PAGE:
Volkswagen was originally founded in 1937 by the German Labor Front, a Nazi trade union. The venture included production of an inexpensive car for the common man along with state-sponsored financing (“five marks a week you must put aside, if in your own car you want to ride”). Previously, Germans could typically only afford a motorcycle, but with the advent of this new Wolfsburg factory, hundreds of thousands could afford this new “Beetle”, designed by Ferdinand Porsche. World War II cut off civilian automobile production, but not before Adolf Hitler received a Cabriolet model for his 49th birthday (1938).
Fast forward to 2011, and we find that Volkswagen (People’s Car) has enjoyed almost 60 years of success in the United States, with sales peaking in 1970 at over a half million cars (7% of the U. S. market). Current market share has been cut roughly to half of that, but the company has a long-range U. S. target of a million cars and trucks, counting Audis, by 2018. Audi is the premium automobile brand of Volkswagen AG.
The number one selling Volkswagen is the Jetta, produced since 1979. It is currently in it’s sixth generation form, this new model having been introduced in June of last year. A Candy White 2011 Jetta SEL2.5 four-door sedan was brought to my home on a recent Monday morning, and I immediately got inside to check out the amenities. Heated seats and mirrors, plus color-screen navigation and Sirius satellite radio: check. Power lumbar “V-tech” leatherette Titan black bolstered buckets and leather wheel: check. Metal pedal covers/ door sills and Bluetooth and IPod connection: check. Pushbutton start (on the console) and six-speed automatic Tiptronic transmission: check. Although most of the buzz this summer is about the new masculine (supposedly) Beetle introduction, this Jetta is almost the newest VW in the lineup and, as mentioned earlier, the most popular. It’s easy to see and feel why, because this is a real nice car.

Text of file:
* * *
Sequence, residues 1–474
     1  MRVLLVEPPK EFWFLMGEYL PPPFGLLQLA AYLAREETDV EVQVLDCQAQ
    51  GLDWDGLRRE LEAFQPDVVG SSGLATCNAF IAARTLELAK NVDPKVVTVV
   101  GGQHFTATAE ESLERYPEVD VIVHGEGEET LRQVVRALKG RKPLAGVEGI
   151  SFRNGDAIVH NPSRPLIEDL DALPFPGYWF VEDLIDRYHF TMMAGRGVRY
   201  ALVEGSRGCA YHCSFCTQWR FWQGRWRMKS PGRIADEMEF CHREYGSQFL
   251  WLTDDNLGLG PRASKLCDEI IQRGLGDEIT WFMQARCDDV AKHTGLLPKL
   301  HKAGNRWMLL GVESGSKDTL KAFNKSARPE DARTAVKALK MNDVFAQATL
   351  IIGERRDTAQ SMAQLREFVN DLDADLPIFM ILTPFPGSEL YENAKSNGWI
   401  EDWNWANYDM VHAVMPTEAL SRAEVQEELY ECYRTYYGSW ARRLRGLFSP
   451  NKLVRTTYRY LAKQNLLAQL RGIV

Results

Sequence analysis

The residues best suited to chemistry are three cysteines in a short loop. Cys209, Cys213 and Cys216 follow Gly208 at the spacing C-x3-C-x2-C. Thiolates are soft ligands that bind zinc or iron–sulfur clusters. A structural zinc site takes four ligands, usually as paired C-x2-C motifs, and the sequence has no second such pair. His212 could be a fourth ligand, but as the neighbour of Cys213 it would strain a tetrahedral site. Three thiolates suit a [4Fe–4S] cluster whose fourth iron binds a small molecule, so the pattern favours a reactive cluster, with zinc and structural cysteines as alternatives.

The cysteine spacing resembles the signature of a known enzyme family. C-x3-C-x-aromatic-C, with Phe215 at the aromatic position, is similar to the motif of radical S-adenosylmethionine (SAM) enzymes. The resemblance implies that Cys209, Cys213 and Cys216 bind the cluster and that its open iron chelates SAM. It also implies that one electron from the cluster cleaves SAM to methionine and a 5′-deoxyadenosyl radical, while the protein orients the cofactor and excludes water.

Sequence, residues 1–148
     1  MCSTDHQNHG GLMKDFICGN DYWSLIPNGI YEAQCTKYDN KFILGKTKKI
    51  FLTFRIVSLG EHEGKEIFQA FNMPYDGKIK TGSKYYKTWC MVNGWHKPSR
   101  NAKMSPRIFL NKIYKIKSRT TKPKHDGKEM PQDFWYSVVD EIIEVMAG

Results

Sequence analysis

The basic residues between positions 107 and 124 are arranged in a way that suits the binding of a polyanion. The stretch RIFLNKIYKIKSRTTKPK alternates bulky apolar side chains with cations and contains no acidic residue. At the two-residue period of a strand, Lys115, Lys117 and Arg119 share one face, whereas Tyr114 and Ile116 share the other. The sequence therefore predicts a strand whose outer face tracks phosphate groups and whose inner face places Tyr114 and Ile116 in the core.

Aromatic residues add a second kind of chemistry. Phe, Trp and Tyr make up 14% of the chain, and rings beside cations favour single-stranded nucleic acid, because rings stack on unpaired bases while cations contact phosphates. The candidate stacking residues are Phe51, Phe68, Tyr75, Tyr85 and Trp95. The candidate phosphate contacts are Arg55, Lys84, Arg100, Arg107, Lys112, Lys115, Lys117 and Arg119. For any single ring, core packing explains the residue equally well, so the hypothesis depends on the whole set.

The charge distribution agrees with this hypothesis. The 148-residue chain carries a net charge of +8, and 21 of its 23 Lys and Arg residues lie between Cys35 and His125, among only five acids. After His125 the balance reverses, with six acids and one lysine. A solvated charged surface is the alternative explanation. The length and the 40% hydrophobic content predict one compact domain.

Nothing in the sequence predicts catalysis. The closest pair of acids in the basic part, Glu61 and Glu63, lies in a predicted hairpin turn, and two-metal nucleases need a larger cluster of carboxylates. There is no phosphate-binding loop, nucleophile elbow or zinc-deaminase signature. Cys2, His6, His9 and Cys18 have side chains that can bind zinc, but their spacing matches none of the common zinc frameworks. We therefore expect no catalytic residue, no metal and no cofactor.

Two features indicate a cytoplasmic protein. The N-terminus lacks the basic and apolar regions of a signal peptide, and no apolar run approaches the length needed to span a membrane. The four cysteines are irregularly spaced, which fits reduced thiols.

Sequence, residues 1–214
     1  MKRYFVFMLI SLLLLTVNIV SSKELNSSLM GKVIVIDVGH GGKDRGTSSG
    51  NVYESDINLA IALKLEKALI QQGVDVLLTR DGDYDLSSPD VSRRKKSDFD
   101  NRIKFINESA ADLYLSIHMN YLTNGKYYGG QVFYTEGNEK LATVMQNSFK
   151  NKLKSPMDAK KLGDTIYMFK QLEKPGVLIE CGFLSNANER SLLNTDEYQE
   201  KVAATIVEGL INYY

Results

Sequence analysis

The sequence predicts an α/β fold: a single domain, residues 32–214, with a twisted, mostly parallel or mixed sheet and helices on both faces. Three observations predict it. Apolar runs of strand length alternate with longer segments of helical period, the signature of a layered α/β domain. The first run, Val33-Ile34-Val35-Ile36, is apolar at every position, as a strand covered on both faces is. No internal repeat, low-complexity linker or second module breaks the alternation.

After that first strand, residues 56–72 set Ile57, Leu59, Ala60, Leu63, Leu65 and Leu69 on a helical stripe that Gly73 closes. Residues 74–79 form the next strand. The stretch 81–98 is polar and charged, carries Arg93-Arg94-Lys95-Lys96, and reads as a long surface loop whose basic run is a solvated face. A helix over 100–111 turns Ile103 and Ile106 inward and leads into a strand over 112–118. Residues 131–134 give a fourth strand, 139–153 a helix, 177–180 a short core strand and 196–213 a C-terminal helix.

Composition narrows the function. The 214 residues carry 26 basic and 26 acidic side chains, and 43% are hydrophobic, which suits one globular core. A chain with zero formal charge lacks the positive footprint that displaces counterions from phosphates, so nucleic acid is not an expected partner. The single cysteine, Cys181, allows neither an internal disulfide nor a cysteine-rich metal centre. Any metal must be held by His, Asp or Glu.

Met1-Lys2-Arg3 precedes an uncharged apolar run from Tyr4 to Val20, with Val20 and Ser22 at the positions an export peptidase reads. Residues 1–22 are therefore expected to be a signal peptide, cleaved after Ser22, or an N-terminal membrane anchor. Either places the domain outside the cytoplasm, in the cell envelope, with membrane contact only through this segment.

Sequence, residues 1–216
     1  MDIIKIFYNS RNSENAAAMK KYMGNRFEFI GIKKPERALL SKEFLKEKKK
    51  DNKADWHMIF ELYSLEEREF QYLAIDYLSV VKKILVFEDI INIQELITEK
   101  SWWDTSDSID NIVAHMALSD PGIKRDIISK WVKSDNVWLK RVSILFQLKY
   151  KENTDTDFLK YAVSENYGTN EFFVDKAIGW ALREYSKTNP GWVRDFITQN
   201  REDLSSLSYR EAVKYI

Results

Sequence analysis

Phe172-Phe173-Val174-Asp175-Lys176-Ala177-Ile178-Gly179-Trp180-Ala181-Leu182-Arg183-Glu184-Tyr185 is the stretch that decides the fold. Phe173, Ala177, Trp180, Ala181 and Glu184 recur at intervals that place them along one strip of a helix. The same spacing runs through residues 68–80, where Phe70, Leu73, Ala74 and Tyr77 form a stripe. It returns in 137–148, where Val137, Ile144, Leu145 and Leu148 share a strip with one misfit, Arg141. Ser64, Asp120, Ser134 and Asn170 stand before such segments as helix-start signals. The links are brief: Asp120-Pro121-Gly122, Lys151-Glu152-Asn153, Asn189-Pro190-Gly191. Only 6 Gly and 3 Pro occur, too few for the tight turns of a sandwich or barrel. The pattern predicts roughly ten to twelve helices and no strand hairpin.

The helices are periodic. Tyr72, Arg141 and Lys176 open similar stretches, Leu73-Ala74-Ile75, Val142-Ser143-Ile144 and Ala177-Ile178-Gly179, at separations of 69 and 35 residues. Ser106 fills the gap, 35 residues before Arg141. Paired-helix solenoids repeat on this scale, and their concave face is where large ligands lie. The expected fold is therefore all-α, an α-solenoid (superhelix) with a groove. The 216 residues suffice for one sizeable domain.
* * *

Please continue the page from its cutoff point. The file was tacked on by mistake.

I jumped in and took off for Ft. Collins for some lunch and a test drive. A real firm ride is in store for the operator; a feeling of quality (and quietness). The steering wheel is rather thick with lots of buttons, and the transmission is a treat. One complaint I had is that it travels up to top gear rather hurriedly, but two solutions exist for that problem – the sports mode and the Tiptronic (manual) selection. Operating this car manually is a snap; the best I have driven. Speaking of snap, the five cylinder, 2.5 liter, 170 hp engine provides plenty of that. More, in fact, than would seem available with that horsepower rating.
Guiding the little Jetta up the Interstate is pleasurable. Once again, the ride is a little firm with our beat up Interstate along the Front Range. I had plenty of punch for changing lanes and running by service trucks and seniors. At the Charco Broiler parking lot I stepped outside to view the styling of the VW. It’s good, if not spectacular, and looks particularly nice from the front. The mirrors have lighting stripes on them and up front are good-looking fog lights. The new Jetta, brought out last year, is longer than its predecessor, resulting in an enlarged back seating area. Indeed, there is legroom for a big human being. Plus the trunk is the biggest in its class, at 15.5 cubic feet. Also in the center of the back seat is a flop-down armrest/cupholder and this VW had a power moonroof.
After lunch, I drove to Centerra shopping area and took photos of the Jetta at Chapungu Sculpture Park. This is the best-looking Jetta to date, and has 17”, fifteen-spoke alloy wheels to dress it up. The back windows do not roll out of sight, as do those of many models that compete against it. But bottom line; I’d own a car like this, perhaps in a more exciting color.